Dr. Jay Earles

Dr. Jay Earles

Editor's note: This is the third of four articles celebrating National Marriage Week USA (Feb. 7-14), a collaborative campaign to strengthen individual marriages, reduce the divorce rate and build a culture that fosters strong marriages.

There is a lot to celebrate about the institution of marriage, in the good times and in the lows. It is still the most foundational relationship in every human society and is pivotal to the well-being of those in marriages. Divorce rates in South Carolina decreased from 2009 to 2017, which is a great trend. Truly, what God has joined together let no one separate.

When things are going well in our marriage, it is easy to take the relationship and our spouse for granted. We may slowly decrease or stop doing what we did to strengthen the relationship. There are several key behaviors to keep a marriage going well. One is to show our spouse how much we appreciate them. In the common marriage vow there’s a word that is easily overlooked. The promises to have and to hold in sickness and in health, for richer or poorer are commonly quoted. However, to love and to cherish is what makes the circumstances of sickness and poverty possible to bear.

Cherishing our spouse on a regular basis is incredibly important. The most stable relationships have a positive to negative interaction ratio of 20:1. Meaning they compliment each other, show physical affection and basically reinforce their love for each other 20 times for every complaint or criticism. The constant positives are what keep the relationship strong through negative situations. One way to support our spouse is to write them a note saying how much you appreciate them and some particular instance in which you saw them embody that characteristic. To really cherish our spouse we demonstrate selflessness and focus on being less selfish.

Every relationship will experience low points where communication is harder, trust is strained and even the commitment to the relationship may be questioned. That is when our resilience or the ability to adapt and “bounce back” is tested. One way to be ready for this is to keep working on our connectedness and continue to cherish our spouse. Praying for them, especially about areas of disagreement, will help our attitudes tremendously.

One consideration to remember is expectation management. We disagree about many things and we typically anticipate or expect that we will “resolve” our differences. However, research on couples indicates that up to 70% of our disagreements are about perpetual problems and are not things we can resolve; we may just have to agree to disagree. The important factor is to focus on dialogue with our partner. We are better off focusing on keeping communication open and continuing to listen to our spouse, not on trying to win. After all, “love, not words wins arguments.”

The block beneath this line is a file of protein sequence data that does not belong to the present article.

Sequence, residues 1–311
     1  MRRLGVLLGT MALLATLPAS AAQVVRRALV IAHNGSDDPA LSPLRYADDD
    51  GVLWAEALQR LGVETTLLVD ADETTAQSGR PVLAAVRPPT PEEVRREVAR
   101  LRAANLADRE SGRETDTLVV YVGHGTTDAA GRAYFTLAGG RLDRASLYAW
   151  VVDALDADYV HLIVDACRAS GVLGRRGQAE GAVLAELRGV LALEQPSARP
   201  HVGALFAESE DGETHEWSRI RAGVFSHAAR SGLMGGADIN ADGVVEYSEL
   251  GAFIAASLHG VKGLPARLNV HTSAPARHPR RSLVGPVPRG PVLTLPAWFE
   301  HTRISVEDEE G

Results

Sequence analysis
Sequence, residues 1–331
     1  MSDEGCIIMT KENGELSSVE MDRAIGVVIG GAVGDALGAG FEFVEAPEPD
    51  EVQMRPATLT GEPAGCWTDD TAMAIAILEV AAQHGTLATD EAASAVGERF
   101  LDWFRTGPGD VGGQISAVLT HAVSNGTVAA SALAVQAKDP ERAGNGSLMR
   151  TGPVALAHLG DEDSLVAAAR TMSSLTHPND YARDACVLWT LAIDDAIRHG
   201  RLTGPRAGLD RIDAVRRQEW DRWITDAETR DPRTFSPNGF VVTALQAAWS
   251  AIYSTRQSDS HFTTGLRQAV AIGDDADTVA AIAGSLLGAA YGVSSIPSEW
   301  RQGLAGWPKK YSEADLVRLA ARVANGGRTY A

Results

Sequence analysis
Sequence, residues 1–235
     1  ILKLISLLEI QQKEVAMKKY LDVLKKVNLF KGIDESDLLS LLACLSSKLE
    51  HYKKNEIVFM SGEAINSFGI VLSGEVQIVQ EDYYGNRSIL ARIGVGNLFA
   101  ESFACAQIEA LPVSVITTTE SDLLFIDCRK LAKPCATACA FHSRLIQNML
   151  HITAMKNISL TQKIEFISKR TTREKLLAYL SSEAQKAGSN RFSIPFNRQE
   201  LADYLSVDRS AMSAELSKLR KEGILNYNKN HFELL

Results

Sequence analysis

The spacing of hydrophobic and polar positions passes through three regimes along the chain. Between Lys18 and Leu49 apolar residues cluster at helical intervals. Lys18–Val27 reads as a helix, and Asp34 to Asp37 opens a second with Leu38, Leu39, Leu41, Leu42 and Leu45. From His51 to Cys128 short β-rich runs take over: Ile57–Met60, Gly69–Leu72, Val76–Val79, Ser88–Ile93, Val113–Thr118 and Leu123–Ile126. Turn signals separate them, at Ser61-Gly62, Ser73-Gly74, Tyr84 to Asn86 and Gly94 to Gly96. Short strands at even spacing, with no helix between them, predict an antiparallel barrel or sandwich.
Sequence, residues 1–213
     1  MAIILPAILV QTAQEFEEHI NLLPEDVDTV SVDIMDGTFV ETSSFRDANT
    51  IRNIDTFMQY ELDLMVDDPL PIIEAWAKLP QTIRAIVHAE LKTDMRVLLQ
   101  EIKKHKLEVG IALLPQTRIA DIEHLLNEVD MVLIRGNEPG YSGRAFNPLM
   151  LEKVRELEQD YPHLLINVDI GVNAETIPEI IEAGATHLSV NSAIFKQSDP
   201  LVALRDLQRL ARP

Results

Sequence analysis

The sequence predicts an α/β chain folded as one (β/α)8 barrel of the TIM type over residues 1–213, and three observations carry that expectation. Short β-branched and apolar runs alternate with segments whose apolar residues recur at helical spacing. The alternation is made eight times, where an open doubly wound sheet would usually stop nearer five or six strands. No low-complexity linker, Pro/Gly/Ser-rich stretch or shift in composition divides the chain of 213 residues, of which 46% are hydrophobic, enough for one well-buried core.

There are several things you can do to continue to improve your marriage. Check in with each other on a regular basis by asking a key question, “How are we doing?” The answer may not be what you expect, but listening to your spouse is a critical skill. Listen and ask yourself, “What is their perspective? What is life like for them?” Seeing things from the other’s perspective is incredibly helpful in addressing our problems. Our constant call to action as a spouse is to never stop working on our most important relationship.

I have seen several couples in marital therapy who were in dire straits. One or both of the partners was asking themselves how much longer they could hold on. Once therapy began they re-discovered ways to love each other, reinvested time in listening to their spouse and worked to become friends again. As they began to try to see things from their partner’s perspective and gave their spouse the benefit of the doubt instead of assuming the worst. Simple talking to each other while not being distracted by smart phones, computers and the TV is vitally important and should be done everyday. This is the kind of talking where you look into the eyes of your spouse and share what you are thinking, feeling, hoping, concerned about, etc. It sounds simplistic, but these are the behaviors that have build and sustain healthy marriages.

Dr. Jay Earles, PsyD, ABPP, currently provides psychological services at Hope Community Counseling Center, a ministry of Midland Valley Community Church of the Nazarene. Over the past 24 years, he has held many positions in the areas of clinical psychology, including serving as president of the American Board of Clinical Health Psychology. Sponsored by the Family and Marriage Coalition of Aiken, Inc. (FAMCO). Contact Roger Rollins at 803-640-4689 or rogerrollins@atlanticbb.net.